Liaison contacts have provided several other reasons why the hurdle rate may not be sensitive to the change in the cost of capital, including: 1) a constant hurdle rate acts as an automatic time-varying risk adjustment; 2) changes in the hurdle rate may send the wrong message to staff proposing projects about the overall risk tolerance of the firm; and 3) changes in the hurdle rate require board approval, which introduces stickiness. For a more detailed discussion, see Lane K and T Rosewall (2015), ‘Firms' Investment Decisions and Interest Rates’, RBA Bulletin, June 2015, pp 1–7. [5]

Other important factors were a shift in economic activity towards more labour-intensive industries and the downward revision to population growth. While much of the downward revision was due to fewer people coming to Australia for work (particularly New Zealanders), the number of student visa holders also did not increase to the extent expected. Our liaison with the tertiary education sector had flagged this downside risk to the student visa immigration numbers that was realised in the latest revision to the population projections from the Department for Immigration and Border Protection. [6]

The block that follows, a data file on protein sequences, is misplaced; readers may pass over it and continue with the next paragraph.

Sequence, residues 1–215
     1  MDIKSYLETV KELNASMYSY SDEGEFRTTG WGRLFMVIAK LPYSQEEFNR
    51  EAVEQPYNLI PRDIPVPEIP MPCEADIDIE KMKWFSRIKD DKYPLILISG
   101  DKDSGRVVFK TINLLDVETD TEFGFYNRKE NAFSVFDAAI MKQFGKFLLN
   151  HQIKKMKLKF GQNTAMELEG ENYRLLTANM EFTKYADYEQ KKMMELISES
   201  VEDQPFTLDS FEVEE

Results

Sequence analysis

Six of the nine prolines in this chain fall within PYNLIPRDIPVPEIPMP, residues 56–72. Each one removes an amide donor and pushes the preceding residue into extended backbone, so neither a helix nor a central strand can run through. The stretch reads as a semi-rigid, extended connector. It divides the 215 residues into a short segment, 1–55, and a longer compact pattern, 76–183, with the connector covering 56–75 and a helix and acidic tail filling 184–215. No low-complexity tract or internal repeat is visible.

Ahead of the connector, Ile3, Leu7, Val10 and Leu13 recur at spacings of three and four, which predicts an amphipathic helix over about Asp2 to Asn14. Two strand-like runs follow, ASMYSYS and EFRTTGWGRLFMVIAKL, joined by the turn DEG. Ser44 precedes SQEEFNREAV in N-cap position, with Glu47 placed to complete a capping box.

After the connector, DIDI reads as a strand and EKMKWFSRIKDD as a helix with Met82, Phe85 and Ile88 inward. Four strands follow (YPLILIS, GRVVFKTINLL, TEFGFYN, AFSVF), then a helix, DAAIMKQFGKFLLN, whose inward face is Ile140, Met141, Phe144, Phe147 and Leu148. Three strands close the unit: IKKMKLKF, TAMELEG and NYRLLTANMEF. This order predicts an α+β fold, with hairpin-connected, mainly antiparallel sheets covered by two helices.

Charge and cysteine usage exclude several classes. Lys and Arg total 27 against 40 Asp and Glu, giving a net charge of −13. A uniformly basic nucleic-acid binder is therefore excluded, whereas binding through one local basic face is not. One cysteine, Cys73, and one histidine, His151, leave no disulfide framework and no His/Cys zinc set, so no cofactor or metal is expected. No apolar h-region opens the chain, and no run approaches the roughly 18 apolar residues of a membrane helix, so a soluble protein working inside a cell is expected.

For a discussion of the factors behind the decline in Australian wage growth, see Jacobs D and A Rush (2015), ‘Why is Wage Growth So Low?’, RBA Bulletin, June 2015, pp 9–18. [7]

For more details on the movement of workers during the mining boom, see Doyle M-A (2014), ‘Labour Movements during the Resources Boom’, RBA Bulletin, December 2014, pp 7–16. [8]